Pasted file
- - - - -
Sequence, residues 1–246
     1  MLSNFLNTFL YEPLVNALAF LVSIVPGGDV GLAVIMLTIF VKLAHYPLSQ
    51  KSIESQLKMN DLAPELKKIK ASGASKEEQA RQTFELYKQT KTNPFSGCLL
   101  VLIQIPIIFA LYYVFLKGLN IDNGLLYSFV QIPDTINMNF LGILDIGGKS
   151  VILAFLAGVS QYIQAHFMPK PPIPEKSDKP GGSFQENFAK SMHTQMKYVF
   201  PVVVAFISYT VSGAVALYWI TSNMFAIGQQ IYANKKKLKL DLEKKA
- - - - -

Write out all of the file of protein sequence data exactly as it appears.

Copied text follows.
Sequence, residues 1–246
     1  MLSNFLNTFL YEPLVNALAF LVSIVPGGDV GLAVIMLTIF VKLAHYPLSQ
    51  KSIESQLKMN DLAPELKKIK ASGASKEEQA RQTFELYKQT KTNPFSGCLL
   101  VLIQIPIIFA LYYVFLKGLN IDNGLLYSFV QIPDTINMNF LGILDIGGKS
   151  VILAFLAGVS QYIQAHFMPK PPIPEKSDKP GGSFQENFAK SMHTQMKYVF
   201  PVVVAFISYT VSGAVALYWI TSNMFAIGQQ IYANKKKLKL DLEKKA